Tuesday, July 19, 2011
© 2011, the Institute for Applied Common Sense
Early this morning, we came across an article indicating that Rupert Murdoch’s aides “long tried to blunt [the] scandal over hacking.” How long? At least 4 years. They tried to save their financial derriere.
More than a year ago, at the time of the Gulf oil spill, we generated, Why Dumping on BP is a Bunch of BS. We argued that a corporate entity does not have a mind or a conscience like that of a human. They are legal fictions.
“Whereas a human will occasionally make a judgment call against his or her personal interests in pursuit of other goals (like unprotected sex with a stranger), rarely will a corporate entity do so because it is not really its money. It’s not even the money of the folks managing the company, at least in the case of a publicly traded corporation…. It is the money and interests of others, the shareholders, which are at risk, not that of the decision makers…. It makes for a unique dynamic.”
One of our regular readers, the Independent Cuss, argues that many U.S. corporations should be tried for treason, for having compromised our national security by taking jobs off shore. But he appears to be in a minority of one.
The reality is that our federal elected officials are beholden to, and feeding at, the corporate trough. That’s not going to change anytime soon. (On the other hand, a socialist country like Great Britain will do something in the criminal realm, and we wouldn’t want that.)
Consequently, an expectation on the part of anyone here in the U.S. that a corporation should do anything other than pursue its own selfish goal of improving its bottom line is a pipe dream. In fact, wouldn’t it be a conflict of interest for a corporate officer to do something adverse to the corporation’s financial interest?
We in Western, industrialized, representative democracies are confused right now. We can’t decide what we want out of corporations, somewhat akin to how we treat our spouses and kids.
There’s a whole bucket full of people who feel that corporations should be allowed to do whatever in the name of free market enterprise, and free of government interference.
There’s another bucket whose tenants claim that corporations should be allowed to do whatever to generate a profit and stay in business, no matter the amount of the profit.
And then there is the bucket whose occupants believe that profits should be “reasonable,” whatever that is.
Rebekah Brooks, formerly of News International, was arrested in Britain earlier this week, and may lose her liberty for quite some time. However, if money and the maximization of profit are the driving forces within a corporation, why should society’s sanctions spill over into the criminal realm? Aren’t civil lawsuits adequate to keep corporations, which step out of bounds, in check?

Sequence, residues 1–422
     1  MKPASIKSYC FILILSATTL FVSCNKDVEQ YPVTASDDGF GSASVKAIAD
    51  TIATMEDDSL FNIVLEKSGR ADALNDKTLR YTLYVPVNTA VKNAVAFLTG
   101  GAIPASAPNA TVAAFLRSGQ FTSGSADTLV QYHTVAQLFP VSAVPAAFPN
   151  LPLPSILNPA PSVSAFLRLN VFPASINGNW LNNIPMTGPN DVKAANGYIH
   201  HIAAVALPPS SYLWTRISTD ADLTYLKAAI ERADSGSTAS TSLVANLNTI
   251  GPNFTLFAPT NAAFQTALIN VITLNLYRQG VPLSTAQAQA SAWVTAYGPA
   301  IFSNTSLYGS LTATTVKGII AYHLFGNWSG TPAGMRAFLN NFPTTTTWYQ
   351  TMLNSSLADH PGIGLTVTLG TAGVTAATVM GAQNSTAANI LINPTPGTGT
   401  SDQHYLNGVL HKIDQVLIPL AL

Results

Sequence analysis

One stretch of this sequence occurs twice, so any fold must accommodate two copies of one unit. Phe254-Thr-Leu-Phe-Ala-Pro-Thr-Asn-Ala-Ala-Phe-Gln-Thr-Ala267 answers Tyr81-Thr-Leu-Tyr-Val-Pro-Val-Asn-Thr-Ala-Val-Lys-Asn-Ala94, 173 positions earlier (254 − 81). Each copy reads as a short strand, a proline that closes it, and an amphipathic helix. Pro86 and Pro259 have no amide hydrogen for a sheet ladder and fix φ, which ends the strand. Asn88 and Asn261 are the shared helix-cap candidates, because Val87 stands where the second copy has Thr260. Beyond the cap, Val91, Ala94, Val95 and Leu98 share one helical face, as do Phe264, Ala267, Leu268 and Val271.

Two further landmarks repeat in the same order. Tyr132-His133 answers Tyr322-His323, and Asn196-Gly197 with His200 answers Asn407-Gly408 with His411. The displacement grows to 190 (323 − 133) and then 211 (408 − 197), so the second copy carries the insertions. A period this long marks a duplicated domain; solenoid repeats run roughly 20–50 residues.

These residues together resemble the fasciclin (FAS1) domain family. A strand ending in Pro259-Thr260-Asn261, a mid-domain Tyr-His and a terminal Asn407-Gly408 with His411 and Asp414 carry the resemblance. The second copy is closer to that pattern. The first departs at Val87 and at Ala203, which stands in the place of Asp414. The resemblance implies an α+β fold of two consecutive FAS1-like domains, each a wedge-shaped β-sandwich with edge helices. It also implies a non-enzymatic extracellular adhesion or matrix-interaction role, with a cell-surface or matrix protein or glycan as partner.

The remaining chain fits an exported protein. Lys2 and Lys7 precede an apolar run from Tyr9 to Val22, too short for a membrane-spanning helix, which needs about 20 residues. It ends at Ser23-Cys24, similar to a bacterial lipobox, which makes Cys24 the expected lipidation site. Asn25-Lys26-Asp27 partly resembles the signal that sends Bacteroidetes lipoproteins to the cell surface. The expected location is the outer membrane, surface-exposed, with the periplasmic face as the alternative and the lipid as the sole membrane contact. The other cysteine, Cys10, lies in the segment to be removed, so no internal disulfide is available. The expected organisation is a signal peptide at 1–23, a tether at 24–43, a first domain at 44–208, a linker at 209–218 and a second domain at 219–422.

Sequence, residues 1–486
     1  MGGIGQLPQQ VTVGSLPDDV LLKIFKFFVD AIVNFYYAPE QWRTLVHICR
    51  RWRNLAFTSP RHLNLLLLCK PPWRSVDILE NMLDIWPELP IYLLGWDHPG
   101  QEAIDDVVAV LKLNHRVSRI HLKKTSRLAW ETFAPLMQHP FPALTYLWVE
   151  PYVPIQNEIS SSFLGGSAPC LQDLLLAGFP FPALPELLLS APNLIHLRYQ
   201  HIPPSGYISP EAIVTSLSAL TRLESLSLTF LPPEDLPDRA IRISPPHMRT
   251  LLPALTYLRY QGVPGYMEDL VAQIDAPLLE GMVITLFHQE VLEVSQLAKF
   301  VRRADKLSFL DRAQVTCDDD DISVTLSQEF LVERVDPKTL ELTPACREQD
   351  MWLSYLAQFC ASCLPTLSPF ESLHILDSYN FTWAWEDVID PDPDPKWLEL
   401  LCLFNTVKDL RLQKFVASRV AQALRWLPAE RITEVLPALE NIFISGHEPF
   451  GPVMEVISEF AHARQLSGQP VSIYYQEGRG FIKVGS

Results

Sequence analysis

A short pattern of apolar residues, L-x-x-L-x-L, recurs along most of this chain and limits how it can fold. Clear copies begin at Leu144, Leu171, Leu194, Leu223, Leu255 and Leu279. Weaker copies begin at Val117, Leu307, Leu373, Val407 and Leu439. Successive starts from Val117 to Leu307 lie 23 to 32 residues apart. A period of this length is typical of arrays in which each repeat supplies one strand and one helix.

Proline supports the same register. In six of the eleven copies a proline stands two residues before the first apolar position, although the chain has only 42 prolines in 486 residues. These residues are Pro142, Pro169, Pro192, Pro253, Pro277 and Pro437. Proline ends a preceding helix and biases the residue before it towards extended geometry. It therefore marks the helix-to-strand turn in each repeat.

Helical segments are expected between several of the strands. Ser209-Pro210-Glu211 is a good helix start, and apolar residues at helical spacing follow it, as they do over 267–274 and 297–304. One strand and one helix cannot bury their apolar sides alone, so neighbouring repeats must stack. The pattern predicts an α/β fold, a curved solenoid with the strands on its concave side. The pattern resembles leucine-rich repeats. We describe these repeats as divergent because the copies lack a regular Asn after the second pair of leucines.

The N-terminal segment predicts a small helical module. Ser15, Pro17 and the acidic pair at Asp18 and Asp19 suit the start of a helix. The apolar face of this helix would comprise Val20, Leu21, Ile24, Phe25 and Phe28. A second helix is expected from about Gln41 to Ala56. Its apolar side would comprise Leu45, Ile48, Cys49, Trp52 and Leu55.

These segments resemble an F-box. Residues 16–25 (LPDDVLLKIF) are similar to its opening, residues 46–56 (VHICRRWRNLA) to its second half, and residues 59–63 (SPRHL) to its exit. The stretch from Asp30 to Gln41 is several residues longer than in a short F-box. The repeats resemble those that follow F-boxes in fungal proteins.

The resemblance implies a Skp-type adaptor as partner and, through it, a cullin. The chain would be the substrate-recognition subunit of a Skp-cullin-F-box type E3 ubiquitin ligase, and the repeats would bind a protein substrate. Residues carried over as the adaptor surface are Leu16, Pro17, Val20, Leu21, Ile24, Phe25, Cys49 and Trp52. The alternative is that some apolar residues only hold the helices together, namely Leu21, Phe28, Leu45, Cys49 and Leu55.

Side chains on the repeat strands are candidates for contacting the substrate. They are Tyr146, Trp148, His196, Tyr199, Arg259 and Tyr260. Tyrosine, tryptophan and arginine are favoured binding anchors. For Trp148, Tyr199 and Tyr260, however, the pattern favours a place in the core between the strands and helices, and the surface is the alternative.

But, how is the pursuit of money or property, incapable of being attributable to what society deems a fair, responsible effort, any different than the acts of a common thief, or a con man, or a prostitute, or a host of other individuals whose financial pursuits we label criminal in nature?
Did this corporation actually engage in conduct which hurt people? If so, some argue they can file lawsuits. If there is merit to their claims, some attorney will take the case, won’t he or she? Or did the conduct shock our conscience? Does shock equal criminal? Is that how we distinguish between legitimate corporate conduct from the criminal exploits of non-corporate criminals?
If we slap corporations with fines, monetary judgments, and punitive damages, don’t they derivatively adversely affect innocent shareholders, who had nothing to do with, or say about, the offending conduct?
In addition to Ms. Brooks, Britain’s highest ranking police official resigned yesterday. This morning, we received an e-mail alert, “Tabloid Scandal a Fresh Threat to Cameron’s Survival,” Cameron being the British Prime Minister.
Stuff’s about to get real complicated over there; but not here. No corporate official’s liberty is at stake here in the U.S. Maybe this will prove to be a positive thing for America in that corporations will run to our shores to perform their financial magic without fear of criminal sanction. Hell, that’s better than a tax break. We’re more likely to throw our elected officials in jail.
After all, it’s only money. And to interfere with the generation of wealth will discourage entrepreneurs from pursuing vital commercial projects, which produce jobs. The folks arguably hurt are just collateral damage, like that experienced in the war on terror - just another risk management calculation in the corporate world.
The less enlightened and communist Chinese executed construction company officials whose buildings collapsed on school kids during their massive earthquake a couple of years ago, and essentially forced parents of the deceased kids to accept pensions as compensation and to stop complaining.
You see, it’s only money. Or, is it?
We don’t know where we are on this subject. Like many others, we’re confused.
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